Nutrition and Shift Work - How to Eat for your Hard Day’s Night

What foods do you eat when working a shift?

(HealthCastle.com) It’s 11 pm – most of us in Calgary are either sleeping or getting ready for bed.  But for many, it is just the start of their shift.  About 25% of Canadians work outside the 7 am to 6 pm work period in many different kinds of work – industrial work, healthcare, hospitality (hotels, food service), manufacturing, transportation services, protective services (police, fire, ambulance) - and the list goes on.  

Being up late at night when the body thinks it should be sleeping creates stress for the body.  Research has found that shift work is associated with higher rates of:

  • Obesity
  • High blood pressure & type 2 diabetes
  • Digestive problems [indigestion, heartburn, constipation, diarrhea]
  • Problems with sleep patterns, fatigue and lower energy levels
  • Stress, depression
  • Challenges meeting parental responsibilities
  • Challenges in maintaining hobbies and leisure activities
  • Substance misuse

What nutritional challenges do shift workers face?

  • Reduced access to healthier foods.  There are often fewer foods for purchase at night as cafeterias are often closed, leaving shift workers to select vending machine-type snacks.
  • Dehydration.  When shift workers do not drink enough fluids at work, they may become dehydrated and feel fatigued.
  • High caffeine intake.  Many shift workers drink caffeinated beverages to help push through their tiredness.  The effects of caffeine may last up to 8 hours – making falling and staying asleep after work difficult.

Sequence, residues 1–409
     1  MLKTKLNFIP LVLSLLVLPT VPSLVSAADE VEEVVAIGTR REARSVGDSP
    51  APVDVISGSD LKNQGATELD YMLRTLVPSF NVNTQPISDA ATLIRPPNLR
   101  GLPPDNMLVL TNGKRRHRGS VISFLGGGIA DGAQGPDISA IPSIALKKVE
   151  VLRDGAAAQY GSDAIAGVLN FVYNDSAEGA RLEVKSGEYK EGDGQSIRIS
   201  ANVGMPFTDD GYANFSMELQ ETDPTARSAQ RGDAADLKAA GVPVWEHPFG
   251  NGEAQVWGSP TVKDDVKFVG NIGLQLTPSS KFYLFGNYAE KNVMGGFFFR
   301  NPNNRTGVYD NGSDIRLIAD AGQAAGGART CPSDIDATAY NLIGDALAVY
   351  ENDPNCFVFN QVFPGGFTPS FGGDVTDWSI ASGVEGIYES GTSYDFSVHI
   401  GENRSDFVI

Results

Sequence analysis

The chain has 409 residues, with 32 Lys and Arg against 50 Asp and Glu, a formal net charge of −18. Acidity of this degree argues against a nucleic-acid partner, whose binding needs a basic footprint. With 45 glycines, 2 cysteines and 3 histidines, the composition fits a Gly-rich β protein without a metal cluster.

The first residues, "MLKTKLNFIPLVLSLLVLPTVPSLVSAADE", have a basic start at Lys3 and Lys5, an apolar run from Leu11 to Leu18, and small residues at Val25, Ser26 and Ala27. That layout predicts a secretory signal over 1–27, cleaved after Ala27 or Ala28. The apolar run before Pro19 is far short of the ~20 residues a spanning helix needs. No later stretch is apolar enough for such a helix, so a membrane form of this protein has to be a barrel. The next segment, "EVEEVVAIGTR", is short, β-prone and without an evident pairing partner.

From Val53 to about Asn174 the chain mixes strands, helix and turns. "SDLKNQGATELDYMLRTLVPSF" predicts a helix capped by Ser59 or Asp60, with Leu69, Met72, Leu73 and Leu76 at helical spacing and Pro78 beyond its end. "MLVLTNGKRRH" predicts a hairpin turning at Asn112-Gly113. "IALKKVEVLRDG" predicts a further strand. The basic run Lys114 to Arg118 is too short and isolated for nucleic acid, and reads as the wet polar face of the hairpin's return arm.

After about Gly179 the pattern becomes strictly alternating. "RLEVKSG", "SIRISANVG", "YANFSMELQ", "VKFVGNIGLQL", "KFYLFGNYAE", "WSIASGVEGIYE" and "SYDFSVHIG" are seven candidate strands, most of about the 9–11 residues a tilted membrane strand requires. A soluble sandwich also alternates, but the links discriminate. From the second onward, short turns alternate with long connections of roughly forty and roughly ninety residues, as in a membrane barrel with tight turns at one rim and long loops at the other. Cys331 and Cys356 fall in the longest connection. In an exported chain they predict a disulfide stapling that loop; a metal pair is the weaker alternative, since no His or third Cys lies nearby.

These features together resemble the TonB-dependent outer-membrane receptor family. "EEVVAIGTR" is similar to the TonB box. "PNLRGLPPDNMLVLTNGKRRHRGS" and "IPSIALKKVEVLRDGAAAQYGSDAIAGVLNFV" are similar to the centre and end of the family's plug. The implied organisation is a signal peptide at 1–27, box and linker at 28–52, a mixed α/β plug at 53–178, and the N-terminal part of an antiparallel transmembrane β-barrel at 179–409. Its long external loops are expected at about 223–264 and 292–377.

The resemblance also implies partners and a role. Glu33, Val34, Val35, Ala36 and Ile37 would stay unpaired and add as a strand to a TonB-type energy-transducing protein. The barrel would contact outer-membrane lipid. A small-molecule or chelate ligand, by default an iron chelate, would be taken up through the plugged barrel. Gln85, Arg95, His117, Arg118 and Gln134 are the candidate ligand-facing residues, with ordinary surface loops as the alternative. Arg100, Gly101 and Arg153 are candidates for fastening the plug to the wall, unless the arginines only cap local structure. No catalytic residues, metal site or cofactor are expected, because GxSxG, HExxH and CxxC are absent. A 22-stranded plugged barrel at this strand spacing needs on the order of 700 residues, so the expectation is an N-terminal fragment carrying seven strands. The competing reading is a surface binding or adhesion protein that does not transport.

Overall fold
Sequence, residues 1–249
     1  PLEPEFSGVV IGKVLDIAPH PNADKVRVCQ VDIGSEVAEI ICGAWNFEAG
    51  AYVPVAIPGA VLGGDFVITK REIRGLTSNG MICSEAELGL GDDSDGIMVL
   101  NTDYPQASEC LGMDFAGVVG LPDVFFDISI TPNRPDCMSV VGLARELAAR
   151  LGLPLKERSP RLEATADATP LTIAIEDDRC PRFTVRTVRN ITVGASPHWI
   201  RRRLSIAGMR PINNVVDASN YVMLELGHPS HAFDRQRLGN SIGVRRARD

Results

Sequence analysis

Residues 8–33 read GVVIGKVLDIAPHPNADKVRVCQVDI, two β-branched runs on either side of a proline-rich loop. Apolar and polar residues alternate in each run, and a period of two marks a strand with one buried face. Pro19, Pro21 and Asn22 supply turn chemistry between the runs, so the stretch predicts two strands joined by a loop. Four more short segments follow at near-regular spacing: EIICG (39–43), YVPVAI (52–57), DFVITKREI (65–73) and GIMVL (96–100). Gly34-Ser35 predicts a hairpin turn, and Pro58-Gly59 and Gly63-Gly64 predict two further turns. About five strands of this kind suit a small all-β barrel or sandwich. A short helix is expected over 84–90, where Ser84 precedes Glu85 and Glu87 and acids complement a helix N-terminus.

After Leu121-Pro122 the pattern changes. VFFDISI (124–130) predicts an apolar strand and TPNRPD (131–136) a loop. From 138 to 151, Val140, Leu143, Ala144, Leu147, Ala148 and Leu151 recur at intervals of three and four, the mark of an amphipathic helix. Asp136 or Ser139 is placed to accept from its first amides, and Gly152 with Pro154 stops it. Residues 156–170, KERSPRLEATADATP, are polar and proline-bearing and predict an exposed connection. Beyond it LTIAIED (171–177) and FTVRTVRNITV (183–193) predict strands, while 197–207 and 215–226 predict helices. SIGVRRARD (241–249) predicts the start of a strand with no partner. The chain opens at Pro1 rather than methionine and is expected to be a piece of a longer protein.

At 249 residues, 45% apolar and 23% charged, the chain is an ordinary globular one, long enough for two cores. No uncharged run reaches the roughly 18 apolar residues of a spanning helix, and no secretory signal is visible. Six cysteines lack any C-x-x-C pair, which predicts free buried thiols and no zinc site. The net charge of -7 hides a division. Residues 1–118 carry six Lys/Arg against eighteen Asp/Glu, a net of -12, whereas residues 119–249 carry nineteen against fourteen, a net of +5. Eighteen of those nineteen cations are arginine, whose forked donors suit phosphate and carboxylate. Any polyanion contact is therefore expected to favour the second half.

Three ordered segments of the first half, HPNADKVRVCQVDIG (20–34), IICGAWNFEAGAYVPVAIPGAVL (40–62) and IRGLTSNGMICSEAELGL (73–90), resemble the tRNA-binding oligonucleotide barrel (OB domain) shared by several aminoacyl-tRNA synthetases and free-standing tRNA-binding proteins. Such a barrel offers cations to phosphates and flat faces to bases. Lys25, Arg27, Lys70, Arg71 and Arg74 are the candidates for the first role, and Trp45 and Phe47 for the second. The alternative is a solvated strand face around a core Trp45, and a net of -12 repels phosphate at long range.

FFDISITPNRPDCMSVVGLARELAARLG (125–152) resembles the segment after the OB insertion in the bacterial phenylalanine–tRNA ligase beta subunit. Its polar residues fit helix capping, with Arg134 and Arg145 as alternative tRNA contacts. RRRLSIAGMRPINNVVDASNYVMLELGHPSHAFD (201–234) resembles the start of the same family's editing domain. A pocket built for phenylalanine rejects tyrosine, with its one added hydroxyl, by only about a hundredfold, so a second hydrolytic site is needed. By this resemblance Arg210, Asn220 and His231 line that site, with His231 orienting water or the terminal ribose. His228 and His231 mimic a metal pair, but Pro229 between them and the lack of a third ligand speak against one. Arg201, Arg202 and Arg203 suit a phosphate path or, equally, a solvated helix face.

What foods should shift workers avoid?

  • Sugary, nutrient-poor foods, like chocolate, or soft drinks.  These may lead to low energy levels.
  • Fatty, fried or spicy foods like traditional fast foods and spicy chili.  These foods may lead to heartburn, indigestion, and may make you feel more tired.
  • Caffeinated drinks and foods.  Limit caffeine intake to 400 mg caffeine/day, which is ~ 3 cups of brewed coffee.  For women of  childbearing age, the maximum daily caffeine intake is no more than 300 mg/day, or just over 2 cups of brewed coffee.
  • Caffeine-containing drinks and foods within 6 – 8 hours of expected sleep.  Limiting caffeine in this way may help limit the impact of caffeine on sleep.  
  • Energy drinks.  Not only do energy drinks contain caffeine, they are high in sugar, and are most often sold in larger portion sizes, resulting in high caffeine and sugar intake.  
  • Alcohol after work.  Alcohol may make you feel relaxed but can reduce the quality of your sleep. 

Here’s a shift-work strategy to fuel you through your night shift:

1) Time your meals carefully - eat your “main meal” before going to work.

2) Pack your own nutritious foods - so as to not be limited to vending machines.  Plan to eat a smaller meal/snack, rather than a larger meal (which can lead to digestive problems and can leave you feeling sleepy).

3) Eat balanced mini-meals - to help you stay awake and alert.  Try mini-meals balanced with vegetables, fruit, whole grains, low fat dairy products and lean proteins: 

  • Hummus with whole grain pita wedges
  • Veggies (carrots, sugar snap peas, cucumber) & lower-fat dip
  • Cottage cheese with fruit
  • Hard-boiled egg with whole-grain crackers
  • Oatmeal & warm milk
  • Broth-based soup
  • Soy nuts and dried fruits
  • Salad greens, cherry tomatoes, cubed cheese, chick peas topped with a vinaigrette
  • Low fat yogurt with a small handful of nuts
  • Wheat berry salad 

4) Hydrate with water or caffeine-free beverages:

  • Water
  • Caffeine-free coffee and/or tea
  • Low fat milk
  • Broth-based soup
  • Lower sodium 100% vegetable juices
  • 100% fruit juices, but be aware of the quantity as calories can add up quickly

5) After your shift, prepare your body for sleep - enjoy a light snack of carbohydrate rich foods (whole grain cereal, toast, muffin), which often lead to feeling sleepy and can help you not wake up because you are hungry.   If you are not hungry before bed, try cutting out a snack during your shift.

6) Be physically active each day - but avoid activity one hour before bed.

7) Talk to your workplace - about having healthier choices available throughout your shift.

Shift work is hard on the body.  Ultimately, you need to pay attention to what nutritional strategy helps you get through your shift while maintaining your overall health.

 

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